"Rethinking Nationalism, Sectarianism and Ethno-Religious Mobilisation in the Middle East"

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Conference: "Rethinking Nationalism, Sectarianism and Ethno-Religious Mobilisation in the Middle East"

On 26-28th January 2018, Dr Alex Henley (https://www.theology.ox.ac.uk/people/dr-alexander-henley) hosted a major international conference at Pembroke College and St Antony’s College, in partnership with Dr Ceren Lord and Dr Hiroko Miyokawa at the School of Interdisciplinary Area Studies.  Entitled "Rethinking Nationalism, Sectarianism and Ethno-Religious Mobilisation in the Middle East", the conference brought numerous disciplinary perspectives to bear on contemporary questions of Islamic sectarianism and identity politics, in dialogue with the latest research on nationalism and mobilisation.


Over three days, we heard presentations by 37 speakers from 11 different countries in panels chaired by 10 leading experts on Islam and the Middle East from around Oxford.  Speakers represented disciplines including Theology; Religious Studies; Oriental Studies; Anthropology; History; Sociology; Political Science; International Relations; and Law.  These speakers had been selected from a pool of over 300 applicants at the cutting edge of global research on ethno-religious identity politics in the Middle East, coming from as far as Japan and the United States.  Results of the conference will be published in a forthcoming edited volume and journal special issue.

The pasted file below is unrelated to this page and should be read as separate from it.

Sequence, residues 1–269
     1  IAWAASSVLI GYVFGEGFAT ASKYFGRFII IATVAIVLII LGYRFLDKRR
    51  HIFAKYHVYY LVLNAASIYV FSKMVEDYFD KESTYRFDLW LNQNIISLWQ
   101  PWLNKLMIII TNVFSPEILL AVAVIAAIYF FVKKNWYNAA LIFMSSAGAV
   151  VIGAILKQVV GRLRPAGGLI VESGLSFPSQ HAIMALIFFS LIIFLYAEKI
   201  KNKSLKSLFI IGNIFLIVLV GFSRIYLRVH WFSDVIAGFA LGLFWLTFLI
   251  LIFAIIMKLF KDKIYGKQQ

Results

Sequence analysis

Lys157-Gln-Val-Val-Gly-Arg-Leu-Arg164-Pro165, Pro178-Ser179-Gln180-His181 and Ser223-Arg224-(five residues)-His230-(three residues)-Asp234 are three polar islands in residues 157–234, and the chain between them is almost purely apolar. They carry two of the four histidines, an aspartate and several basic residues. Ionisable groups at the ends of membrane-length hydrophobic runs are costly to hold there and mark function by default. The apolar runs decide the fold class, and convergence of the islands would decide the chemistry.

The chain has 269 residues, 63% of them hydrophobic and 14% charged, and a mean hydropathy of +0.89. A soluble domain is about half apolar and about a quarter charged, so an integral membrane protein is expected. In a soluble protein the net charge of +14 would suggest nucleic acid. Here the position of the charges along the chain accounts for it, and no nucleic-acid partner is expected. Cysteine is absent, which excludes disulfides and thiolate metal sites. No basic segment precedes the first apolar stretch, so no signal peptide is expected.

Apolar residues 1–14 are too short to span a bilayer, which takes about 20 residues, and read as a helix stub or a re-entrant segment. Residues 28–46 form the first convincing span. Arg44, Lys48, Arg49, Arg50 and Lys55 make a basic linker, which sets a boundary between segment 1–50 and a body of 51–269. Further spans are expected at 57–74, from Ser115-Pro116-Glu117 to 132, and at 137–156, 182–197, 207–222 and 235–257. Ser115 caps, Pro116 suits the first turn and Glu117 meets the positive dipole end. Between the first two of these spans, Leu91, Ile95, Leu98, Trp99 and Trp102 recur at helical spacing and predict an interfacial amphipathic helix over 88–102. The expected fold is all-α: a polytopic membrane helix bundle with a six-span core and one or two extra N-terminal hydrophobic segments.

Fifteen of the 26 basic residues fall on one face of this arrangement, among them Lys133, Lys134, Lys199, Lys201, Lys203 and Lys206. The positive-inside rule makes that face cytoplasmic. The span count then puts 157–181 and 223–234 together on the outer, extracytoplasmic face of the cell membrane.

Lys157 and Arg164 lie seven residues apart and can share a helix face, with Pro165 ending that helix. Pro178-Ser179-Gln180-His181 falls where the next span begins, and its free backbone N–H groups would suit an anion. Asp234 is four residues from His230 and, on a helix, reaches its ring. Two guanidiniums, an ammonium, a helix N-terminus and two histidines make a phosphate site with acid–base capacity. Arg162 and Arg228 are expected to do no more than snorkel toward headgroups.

A public keynote lecture entitled "Formations of the Sectarian" was given by Professor Max Weiss of Princeton University, acclaimed author of "In the Shadow of Sectarianism" (Harvard University Press, 2010).  Weiss addressed the state of this rapidly-growing field, speaking to its developments since his own foundational intervention and proposing several important new directions for future research, including the need to explore sectarianism through its varied local formations and its affective dimensions.

Each panel brought together expertise on several Middle Eastern countries to address topics including:

  • Variations of Sectarianism and Sectarian Mobilisations
  • Religious Actors in Negotiating the Nation and Sectarian Politics
  • Placing Religion in Protest and Social Movements
  • Everyday Sectarianism in the Re-Imagination of Boundaries
  • Reconciling State and Sub-State Identities in Contested National Spaces
  • Challenges to the Nation-State in the Post-2011 Era
  • State and Non-State Actors in the Governance of Diversity


The full programme can be viewed here: http://www.pmb.ox.ac.uk/sites/default/files/library/conference_programme.pdf

The event was made possible by a generous donation from Pembroke alumnus Brian Wilson to support the college's world-leading research cluster in Islamic Studies, which includes the Faculty’s own Professor Justin Jones.  Further funding was provided by the Sasakawa Peace Foundation, the Middle East Centre at St Antony's College, and The Oxford Research Centre in the Humanities (TORCH).  Invaluable administrative assistance was given by Stephen Minay and an expert team of student helpers.


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